Five Craigslist Car Deal-Breakers

There’s buying a used car, and then there’s buying a Craigslist used car While there’s a lot to be aware of when buying any used car, there are a few circumstances that are more likely to occur when shopping for a car on Craigslist. A few of them are, in my opinion, deal-breakers. Here are the biggest ones.

Deal-Breaker #1 Rocker Panel Rust (Or Other Terrifying Holes)

Rocker panels are a key part of your car’s structural rigidity. A little surface rust is no big deal on a cheap car, but you definitely do not want to see big holes all the way through metal, or worse, missing sections.  This Mercury Milan (same car as a Ford Fusion) I spotted locally last winter has no rocker panels left at all under the rear doors. While this is something that can sometimes be fixed, it’s not cost effective on most cars to do so.  No reason to bother with this. Move on to something less disastrously rusty!


Deal-Breaker #2 Sketchy Safety Equipment

This is not something to mess around with. A seat belt that doesn’t retract against your body properly when you buckle it may not perform correctly in a crash. Likewise, airbags are often expensive to deal with, so do not take a seller’s word that an airbag light on on the dash is “just a sensor” that “costs $15 at AutoZone.” (If the seller will let you take the car to shop for a pre-purchase inspection, go ahead and ask a shop to check out the airbag light. If it’s a simple fix, they’ll tell you.) The airbag may have been tampered with or be missing, or there may be other difficult-to-track-down electrical faults in the car.  Move on to something less sketchy.

A note about brakes: brakes and brake system issues are often quite fixable on a car and are also a wear-item (i.e. something intended to be refreshed periodically, just like tires) so I do not include squealing brakes in my deal-breaker list, as long as the brakes are actually stopping the car on your test drive. The only exception here would be brake lines which are clearly leaking or spurting fluid, or which have been declared by the seller to be rusted through. Do not proceed without talking to a shop about the costs involved in running new brake lines! In all but a few special cases, though, it’s best to just pass on anything that has bad enough rust that brake lines are leaking brake fluid.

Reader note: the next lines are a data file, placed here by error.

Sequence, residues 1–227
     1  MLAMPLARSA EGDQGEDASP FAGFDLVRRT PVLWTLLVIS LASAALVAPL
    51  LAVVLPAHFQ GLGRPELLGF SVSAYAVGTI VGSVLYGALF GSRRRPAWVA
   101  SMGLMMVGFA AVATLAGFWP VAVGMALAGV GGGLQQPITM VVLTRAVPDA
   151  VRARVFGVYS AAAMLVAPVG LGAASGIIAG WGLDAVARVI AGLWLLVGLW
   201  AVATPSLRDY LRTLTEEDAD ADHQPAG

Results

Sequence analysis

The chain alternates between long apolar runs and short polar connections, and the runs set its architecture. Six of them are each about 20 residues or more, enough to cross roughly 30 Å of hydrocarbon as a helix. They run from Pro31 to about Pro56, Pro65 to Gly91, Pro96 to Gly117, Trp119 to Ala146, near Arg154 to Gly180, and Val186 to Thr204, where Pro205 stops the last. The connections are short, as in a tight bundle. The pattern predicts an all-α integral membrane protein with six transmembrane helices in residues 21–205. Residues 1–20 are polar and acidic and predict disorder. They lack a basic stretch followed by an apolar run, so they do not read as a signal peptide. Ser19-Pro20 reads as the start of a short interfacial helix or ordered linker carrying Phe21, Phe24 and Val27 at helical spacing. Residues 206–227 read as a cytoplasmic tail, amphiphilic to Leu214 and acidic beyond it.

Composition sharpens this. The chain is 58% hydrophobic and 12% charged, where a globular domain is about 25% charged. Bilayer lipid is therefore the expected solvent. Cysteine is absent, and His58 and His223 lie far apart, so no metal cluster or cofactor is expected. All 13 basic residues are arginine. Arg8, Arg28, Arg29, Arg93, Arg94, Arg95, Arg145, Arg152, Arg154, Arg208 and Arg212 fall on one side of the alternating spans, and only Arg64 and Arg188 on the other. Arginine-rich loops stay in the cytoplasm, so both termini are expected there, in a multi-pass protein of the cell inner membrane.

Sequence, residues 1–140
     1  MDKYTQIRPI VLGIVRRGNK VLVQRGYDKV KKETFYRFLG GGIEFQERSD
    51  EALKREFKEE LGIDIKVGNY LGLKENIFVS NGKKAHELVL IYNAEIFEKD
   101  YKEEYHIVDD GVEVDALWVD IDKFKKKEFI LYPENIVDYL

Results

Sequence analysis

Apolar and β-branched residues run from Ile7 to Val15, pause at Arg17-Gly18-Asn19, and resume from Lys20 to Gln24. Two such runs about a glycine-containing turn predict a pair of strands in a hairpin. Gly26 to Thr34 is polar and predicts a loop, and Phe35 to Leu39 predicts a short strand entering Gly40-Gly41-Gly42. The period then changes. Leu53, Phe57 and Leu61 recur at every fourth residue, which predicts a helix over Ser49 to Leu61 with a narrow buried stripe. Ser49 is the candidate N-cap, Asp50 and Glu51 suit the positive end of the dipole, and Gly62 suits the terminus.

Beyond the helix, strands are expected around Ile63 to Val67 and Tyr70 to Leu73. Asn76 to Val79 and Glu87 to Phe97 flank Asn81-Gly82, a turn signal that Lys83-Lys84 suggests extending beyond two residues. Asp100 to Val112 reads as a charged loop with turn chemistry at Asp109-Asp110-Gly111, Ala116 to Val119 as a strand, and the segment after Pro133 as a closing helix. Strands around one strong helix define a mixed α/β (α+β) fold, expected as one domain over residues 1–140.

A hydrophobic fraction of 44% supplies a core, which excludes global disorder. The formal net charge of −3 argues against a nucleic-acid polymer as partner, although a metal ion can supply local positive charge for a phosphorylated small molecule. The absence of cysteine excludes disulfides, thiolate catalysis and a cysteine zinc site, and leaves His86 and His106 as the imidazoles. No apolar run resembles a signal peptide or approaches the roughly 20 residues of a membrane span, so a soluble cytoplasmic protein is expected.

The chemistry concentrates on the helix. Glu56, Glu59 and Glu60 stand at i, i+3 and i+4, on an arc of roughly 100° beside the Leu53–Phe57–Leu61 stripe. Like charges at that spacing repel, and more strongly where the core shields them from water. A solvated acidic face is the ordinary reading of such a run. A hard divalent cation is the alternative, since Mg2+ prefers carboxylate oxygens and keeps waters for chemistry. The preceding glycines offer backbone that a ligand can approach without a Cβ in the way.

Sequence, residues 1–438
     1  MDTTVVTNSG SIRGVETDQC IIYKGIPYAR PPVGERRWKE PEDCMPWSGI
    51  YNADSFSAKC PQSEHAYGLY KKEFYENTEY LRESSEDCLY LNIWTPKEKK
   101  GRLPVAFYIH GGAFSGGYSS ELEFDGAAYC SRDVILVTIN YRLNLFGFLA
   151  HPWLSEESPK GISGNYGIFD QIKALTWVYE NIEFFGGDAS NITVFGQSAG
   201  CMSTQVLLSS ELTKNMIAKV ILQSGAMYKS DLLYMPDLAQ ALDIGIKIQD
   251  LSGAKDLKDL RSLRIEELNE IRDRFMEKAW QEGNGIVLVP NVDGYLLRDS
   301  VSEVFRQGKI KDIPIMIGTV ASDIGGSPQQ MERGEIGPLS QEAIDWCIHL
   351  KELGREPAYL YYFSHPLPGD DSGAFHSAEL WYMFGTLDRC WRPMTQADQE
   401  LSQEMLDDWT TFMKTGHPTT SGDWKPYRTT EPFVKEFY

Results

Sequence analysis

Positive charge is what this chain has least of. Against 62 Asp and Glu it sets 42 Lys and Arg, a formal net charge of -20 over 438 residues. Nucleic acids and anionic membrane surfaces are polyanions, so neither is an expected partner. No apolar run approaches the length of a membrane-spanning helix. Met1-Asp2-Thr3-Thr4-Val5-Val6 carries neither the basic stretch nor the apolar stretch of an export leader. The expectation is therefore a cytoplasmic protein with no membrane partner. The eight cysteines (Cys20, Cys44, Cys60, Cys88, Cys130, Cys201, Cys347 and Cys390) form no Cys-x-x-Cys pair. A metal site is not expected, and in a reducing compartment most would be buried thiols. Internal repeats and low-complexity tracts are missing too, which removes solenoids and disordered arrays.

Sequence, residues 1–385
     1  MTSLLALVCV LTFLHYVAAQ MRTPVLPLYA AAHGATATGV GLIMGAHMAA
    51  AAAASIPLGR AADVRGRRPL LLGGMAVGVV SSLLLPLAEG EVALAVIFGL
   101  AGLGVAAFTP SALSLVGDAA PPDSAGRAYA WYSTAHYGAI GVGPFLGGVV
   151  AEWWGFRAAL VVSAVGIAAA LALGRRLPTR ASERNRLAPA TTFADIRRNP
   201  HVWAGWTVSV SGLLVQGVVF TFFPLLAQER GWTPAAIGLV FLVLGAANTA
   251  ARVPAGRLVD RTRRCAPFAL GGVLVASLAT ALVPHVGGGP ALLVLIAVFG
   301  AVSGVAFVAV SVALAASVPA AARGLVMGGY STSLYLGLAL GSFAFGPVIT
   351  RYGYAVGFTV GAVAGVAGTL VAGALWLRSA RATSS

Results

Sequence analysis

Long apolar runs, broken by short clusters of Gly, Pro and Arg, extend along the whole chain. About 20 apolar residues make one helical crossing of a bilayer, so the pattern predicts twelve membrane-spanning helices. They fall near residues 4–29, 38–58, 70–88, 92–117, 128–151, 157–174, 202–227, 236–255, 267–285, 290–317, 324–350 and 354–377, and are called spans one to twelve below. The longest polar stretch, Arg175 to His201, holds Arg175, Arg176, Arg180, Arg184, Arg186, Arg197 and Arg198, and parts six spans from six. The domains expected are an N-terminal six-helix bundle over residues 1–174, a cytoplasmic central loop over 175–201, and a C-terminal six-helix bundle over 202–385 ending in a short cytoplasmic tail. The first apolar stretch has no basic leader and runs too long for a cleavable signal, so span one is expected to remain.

Educational moment! Brake lines are skinny tubes about the thickness of your pinky finger running in tidy rows along the bottom of the car. They’re easy to see. Surface rust is common, but they should look dry. If they look oily, they may be leaking. Brake hoses are located between your tire and the metal walls of the wheel-wheel. They can leak, too, although they’re much easier, cheaper, and simpler to replace than the metal brake lines which run under your car. And on old cars, there’s sometimes oil and crud sprayed around behind the wheels, making it hard to tell if what you’re seeing is brake fluid or oil from elsewhere.

Deal-Breaker #3 Trouble in Title-Town

Title troubles include (but aren’t limited to): no title at all, “explanations” about why the seller doesn’t have the title in hand, the name on the title not matching the seller’s name, address or city, with an implausible story about why, promises that the seller will “mail you the title,” or situations where the seller doesn’t physically have the title due to a bank lien (car loan) on the car. Nope. Walk away. The world is full of cars; you don’t need any of these particular headaches.

If the seller will be paying off his car with your purchase of his car and cannot get the title until he does so, you can make arrangements to make the payment for the car at his bank. But I generally do not recommend this route. If the car in question is new enough that the first owner is still paying on the loan, the car is new enough to be found at a dealership as a certified pre-owned used car, possibly with a warranty and definitely with a clean title and no title headaches. And I don’t advise buying a car which is 10 years or more old on which the seller has a car note.

Presenting buyers with a clean, correct, and proper title is the seller’s responsibility. Not yours. Never take possession of a vehicle from a Craigslist purchase without a title to go along with it. It’s never as simple as “just requesting a new title at the DMV.” If the seller lost it four years ago, it’s his job to file for a new one, not yours.

Deal-Breaker #4 Mysterious Check-Engine Light Codes

If you’re shopping for a sub-$3,000 car and do not have required emissions testing in your area, a check engine light on is not usually a big deal. You can usually drive your uber-beater with the light on. If, however, you’re shopping for something a little better, something that’s going to be a family hauler, a commuter you need to rack up miles with, if you live where you must pass emissions testing or smog testing, or if you expect to need keep this vehicle on the road for several years, don’t buy a car with a check engine light on before finding out what the code is! AutoZone will read the codes off of a car for you for free. Or, you can buy a simple scan tool to pull the codes yourself when you go to look at a car.  Then find out what it might cost you to deal with the problem.